Manitoba

'Not sustainable': More than 1,000 Winnipeg cops paid above $100K

One thing the chair of the Winnipeg Police Board and the Canadian Taxpayers Federation can agree on, it's that police salaries are soaring to unsustainable heights.

1,066 Winnipeg officers made more than $100,000 in 2015.

1066 officers made more than $100,000 in 2015. (CBC News)

One thing the chair of the Winnipeg Police Board and the Canadian Taxpayers Federation can agree on is that police salaries are soaring to unsustainable heights.

The latest public disclosure report of municipal salaries not only indicates police are some of the City of Winnipeg's highest earners, members are making more than their counterparts in prairie cities like, Regina. 

A CBC News analysis of the report found 1,066 officers earned more than $100,000 in salaries and benefits in 2015.

"That's a lot of money, it is." Scott Gillingham, chair of the Winnipeg Police Board told CBC News Thursday. "The rate at which policing costs have increased is not sustainable."

The report lists police earnings that go well above $100,000. The city's third-highest earner was outgoing police Chief Devon Clunis, receiving $219,324 in 2015. 

An unnamed police constable came in fourth place at $211,719. That's more than the mayor, who made $178,738 and came in 18th, and more than three deputy chiefs of police and the city's chief financial officer.

Eight other constables topped $150,000, at least 50 per cent more than the base salary of $96,850 first class constables who have had more than five years service receive.

In addition to salaries, the figures include other taxable benefits such as overtime pay, retroactive pay adjustments, retirement allowance, sick pay and vacation pay cash-out, back pay and severance pay.

Gillingham said some of the police earnings could be sick pay cash-outs for retiring members, a perk phased out for new recruits in the late 1990's.

"If that is because of the sick leave cash out I'm very glad. And I think every taxpayer should be glad that that was taken out, that that was removed from the collective agreement. Because that program, that sick leave cash-out was just not sustainable for the taxpayers," Gillingham said. 

Excess overtime is something the force has been grappling with. According to the Winnipeg Police Service's year-end financial statements, overtime increased by 13 per cent between 2014 and 2015, dramatically outpacing salaries which increased by just 2 per cent.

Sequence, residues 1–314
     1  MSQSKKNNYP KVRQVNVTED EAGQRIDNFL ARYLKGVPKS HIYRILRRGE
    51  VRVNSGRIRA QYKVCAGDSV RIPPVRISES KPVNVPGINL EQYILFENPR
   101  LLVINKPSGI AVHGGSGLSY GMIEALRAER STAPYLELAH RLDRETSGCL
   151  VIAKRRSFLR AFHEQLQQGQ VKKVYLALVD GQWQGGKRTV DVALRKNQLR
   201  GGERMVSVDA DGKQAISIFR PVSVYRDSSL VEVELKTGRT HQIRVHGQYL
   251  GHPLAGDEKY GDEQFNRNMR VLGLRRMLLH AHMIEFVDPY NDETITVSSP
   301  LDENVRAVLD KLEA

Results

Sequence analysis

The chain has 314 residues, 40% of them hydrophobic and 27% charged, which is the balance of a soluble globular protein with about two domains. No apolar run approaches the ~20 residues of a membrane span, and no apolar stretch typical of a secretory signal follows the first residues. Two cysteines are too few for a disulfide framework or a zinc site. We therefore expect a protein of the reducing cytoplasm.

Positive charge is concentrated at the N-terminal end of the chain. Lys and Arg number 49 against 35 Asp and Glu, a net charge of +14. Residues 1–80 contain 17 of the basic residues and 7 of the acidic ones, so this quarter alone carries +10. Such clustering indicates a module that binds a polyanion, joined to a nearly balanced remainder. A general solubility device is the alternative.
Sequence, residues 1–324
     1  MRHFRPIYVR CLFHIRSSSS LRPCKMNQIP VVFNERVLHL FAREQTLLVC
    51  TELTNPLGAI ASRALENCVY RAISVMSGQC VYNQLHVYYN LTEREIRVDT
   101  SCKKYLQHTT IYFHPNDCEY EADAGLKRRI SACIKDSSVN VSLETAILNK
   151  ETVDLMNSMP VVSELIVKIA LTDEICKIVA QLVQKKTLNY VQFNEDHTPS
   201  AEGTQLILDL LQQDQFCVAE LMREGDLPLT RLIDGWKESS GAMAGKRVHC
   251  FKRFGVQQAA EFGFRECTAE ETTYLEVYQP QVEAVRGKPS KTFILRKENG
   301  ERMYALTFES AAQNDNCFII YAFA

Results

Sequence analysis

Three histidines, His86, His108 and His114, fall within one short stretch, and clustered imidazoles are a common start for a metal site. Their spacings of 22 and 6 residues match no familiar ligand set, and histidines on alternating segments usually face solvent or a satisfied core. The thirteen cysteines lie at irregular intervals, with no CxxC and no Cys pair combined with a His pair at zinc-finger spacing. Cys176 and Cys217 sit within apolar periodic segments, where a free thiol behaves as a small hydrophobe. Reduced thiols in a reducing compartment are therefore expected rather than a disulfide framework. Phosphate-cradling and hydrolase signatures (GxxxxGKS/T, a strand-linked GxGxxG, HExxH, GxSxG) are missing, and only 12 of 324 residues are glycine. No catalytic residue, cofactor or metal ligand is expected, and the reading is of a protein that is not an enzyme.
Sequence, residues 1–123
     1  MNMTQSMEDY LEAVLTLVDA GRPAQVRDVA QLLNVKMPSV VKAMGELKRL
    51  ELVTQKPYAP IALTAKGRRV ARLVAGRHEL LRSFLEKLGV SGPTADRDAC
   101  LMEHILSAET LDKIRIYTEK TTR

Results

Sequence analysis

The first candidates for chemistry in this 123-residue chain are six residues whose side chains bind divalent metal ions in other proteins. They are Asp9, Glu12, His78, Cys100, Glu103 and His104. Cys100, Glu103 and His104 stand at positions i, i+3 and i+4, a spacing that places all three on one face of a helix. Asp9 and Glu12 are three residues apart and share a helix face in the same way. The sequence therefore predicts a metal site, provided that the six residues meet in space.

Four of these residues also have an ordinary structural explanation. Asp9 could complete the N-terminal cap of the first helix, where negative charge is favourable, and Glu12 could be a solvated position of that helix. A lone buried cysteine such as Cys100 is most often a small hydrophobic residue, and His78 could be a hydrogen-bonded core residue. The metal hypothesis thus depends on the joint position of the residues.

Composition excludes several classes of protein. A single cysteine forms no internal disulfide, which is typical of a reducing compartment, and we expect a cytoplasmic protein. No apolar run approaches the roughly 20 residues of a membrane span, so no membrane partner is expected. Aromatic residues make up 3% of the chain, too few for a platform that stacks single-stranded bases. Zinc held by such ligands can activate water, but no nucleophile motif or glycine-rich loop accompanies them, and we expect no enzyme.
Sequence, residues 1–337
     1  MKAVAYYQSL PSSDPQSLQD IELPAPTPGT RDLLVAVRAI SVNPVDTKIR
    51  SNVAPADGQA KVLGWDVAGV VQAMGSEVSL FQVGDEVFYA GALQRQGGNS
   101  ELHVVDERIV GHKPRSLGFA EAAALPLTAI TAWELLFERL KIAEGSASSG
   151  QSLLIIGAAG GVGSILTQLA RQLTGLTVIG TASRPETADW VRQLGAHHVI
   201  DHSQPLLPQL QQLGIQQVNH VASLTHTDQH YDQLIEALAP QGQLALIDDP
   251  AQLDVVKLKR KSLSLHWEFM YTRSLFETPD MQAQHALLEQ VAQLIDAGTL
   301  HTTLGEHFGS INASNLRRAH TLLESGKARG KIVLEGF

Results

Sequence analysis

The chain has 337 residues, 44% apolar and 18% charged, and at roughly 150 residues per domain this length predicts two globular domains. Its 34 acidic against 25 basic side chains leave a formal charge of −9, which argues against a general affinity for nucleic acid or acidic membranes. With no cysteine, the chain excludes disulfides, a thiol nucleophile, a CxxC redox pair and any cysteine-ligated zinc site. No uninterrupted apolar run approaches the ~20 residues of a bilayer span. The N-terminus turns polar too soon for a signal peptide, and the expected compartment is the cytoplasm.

"Some areas do inevitably have overtime and can have significant overtime whether it's homicide or major crimes," he said. "Where there's an opportunity...to make some changes for the sake of taxpayers, those discussions certainly need to happen."

Gillingham said overtime is monitored on an ongoing basis with the police chief, but he admits it's an issue that needs be reigned in, in the next collective agreement.

Salaries "concerning": Taxpayers Federation

Todd Mackay, prairie director of the Canadian Taxpayers Federation calls the top police salaries in Winnipeg "concerning" but says police forces are taking "a greater and greater chunk" of city budgets across the country.

"We certainly appreciate the work they do. That said, we have to be careful of the costs that were imposing on taxpayers," he said.

Mackay said not only does overtime need to be more managed more efficiently, he said collective agreements need to take into account what cities can afford.

"Arbitrators typically look at contracts awarded to other police forces in other parts of the country and don't look at the ability of the taxpayers ability to pay," he said, noting the tax-base is different in Vancouver, Winnipeg and Toronto.
    
"When you look at the Jets, they don't just pay their players based on what other teams are paying, they also take a look at what they can afford to pay. We need to start taking those important pieces of information into account when were making contracts for police and other emergency services."    

By comparison, Regina's police chief came in above Winnipeg's police chief at $265,000 in 2015. However, no constable earned more than $137, 282, including overtime and benefits. 

"What that tells me is that we can find ways to do this, this isn't an act of nature," Mackay said.

The annual compensation disclosure documents list all civic employees whose total compensation exceeds $50,000.

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